• Additional plot twists or more complex interactions between characters could be introduced to deepen the narrative.
  • The ending might be adjusted to provide a more resolved or morally poignant conclusion, possibly emphasizing themes like redemption or the folly of greed.


Early Draft:

  • Set around the fictional East Peak and the surrounding oil boomtowns, reflecting a rugged, adventurous backdrop typical of Howard’s settings.

Full Story:

  • Howard might have added more detailed descriptions of the settings to enhance the atmosphere and immersion into the story’s environment.
  • Additional locations relevant to the newly introduced plot elements might be included, providing a broader scope and richer context.


Early Draft:

  • Steve Costigan is portrayed as a physically strong and morally straightforward protagonist.
  • Marylin la Valon is the treasure-connected damsel in distress.
  • Villains like Gomez and El Culebra are relatively one-dimensional, representing clear antagonistic roles.

Full Story:

  • “Mike” (the renamed protagonist) could be depicted with more depth, possibly showcasing internal struggles or more complex motivations.
  • Marylin’s character might receive an enhancement, giving her more agency or a more pivotal role in the resolution of the story.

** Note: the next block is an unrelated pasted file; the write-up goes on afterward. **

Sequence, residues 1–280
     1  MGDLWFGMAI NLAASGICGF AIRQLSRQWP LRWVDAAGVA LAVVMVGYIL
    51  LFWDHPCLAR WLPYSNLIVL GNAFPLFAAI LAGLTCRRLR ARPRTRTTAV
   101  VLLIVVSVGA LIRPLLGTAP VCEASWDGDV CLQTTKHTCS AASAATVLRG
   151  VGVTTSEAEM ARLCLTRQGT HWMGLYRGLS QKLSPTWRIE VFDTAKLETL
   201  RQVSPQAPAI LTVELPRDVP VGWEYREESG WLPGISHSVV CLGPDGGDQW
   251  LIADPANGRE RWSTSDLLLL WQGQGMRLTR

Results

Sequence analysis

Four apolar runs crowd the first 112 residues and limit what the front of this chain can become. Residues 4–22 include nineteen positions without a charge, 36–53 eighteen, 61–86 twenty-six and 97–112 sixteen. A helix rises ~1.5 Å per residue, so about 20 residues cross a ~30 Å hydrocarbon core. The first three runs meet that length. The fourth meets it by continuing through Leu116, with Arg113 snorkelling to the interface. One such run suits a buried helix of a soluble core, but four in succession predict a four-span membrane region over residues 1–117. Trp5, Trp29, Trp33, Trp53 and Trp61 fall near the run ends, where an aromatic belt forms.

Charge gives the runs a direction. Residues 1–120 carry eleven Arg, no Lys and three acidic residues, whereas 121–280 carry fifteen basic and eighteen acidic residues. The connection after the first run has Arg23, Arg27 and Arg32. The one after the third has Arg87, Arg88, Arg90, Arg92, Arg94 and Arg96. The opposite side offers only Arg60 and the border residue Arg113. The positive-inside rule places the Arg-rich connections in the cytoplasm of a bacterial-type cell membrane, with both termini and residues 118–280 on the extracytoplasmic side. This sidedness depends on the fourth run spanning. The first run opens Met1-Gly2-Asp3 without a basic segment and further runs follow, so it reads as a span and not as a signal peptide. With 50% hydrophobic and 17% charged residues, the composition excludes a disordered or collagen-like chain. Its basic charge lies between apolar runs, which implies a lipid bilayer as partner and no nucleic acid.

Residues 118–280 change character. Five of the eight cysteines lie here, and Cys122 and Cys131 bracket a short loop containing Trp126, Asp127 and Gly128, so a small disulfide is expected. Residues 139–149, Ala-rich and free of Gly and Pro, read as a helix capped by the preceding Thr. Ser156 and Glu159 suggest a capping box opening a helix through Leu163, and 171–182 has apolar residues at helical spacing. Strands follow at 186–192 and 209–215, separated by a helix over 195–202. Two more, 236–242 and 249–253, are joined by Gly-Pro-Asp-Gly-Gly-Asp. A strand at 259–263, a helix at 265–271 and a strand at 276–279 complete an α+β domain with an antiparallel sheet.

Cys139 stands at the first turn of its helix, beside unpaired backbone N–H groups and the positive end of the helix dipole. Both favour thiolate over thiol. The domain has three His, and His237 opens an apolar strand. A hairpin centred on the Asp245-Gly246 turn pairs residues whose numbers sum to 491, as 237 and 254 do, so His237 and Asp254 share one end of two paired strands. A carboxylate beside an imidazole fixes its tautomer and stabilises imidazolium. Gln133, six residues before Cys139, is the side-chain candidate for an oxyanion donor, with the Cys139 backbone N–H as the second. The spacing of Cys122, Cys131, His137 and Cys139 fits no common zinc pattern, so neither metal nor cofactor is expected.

• Antagonists such as Gomez and El Culebra could be depicted with more backstory or motivations that provide a psychological depth, making them more realistic and less stereotypically evil.

Overall Differences

The transition from the early draft to the full story in Howard’s works typically involves significant enhancements to character development, plot complexity, and thematic depth. The changes from Steve Costigan to Mike in the protagonist role likely reflect broader adjustments in character portrayal and narrative focus, aiming for a more mature or sophisticated storytelling style. Howard’s revisions would have aimed to improve coherence, emotional impact, and thematic resonance, ensuring that each element of the story—from the setting to character arcs—serves the larger narrative and its intended message.


  • Mike Costigan: The main protagonist, a rugged individual with a background in writing, who becomes embroiled in the adventure to uncover a hidden treasure.
  • Skinny: A local urchin who initially finds the Spanish coin, sparking the treasure hunt.
  • Marylin la Valon: A direct descendant of General Ricardo Marez, driven by the need to recover her ancestor’s treasure to save her sister’s life. She becomes Mike’s partner and love interest.
  • General Ricardo Marez: The original owner of the treasure, who hid it during the Spanish colonial retreat.
  • The Geologists: Two mysterious individuals who are covertly searching for the treasure under the guise of conducting geological surveys.
  • Gomez and El Culebra: Antagonists who are also in pursuit of the treasure, posing significant threats to Mike and Marylin.
  • Leary and Edwards: Minor antagonists aligned with Gomez and El Culebra, contributing to the dangers faced by the protagonists.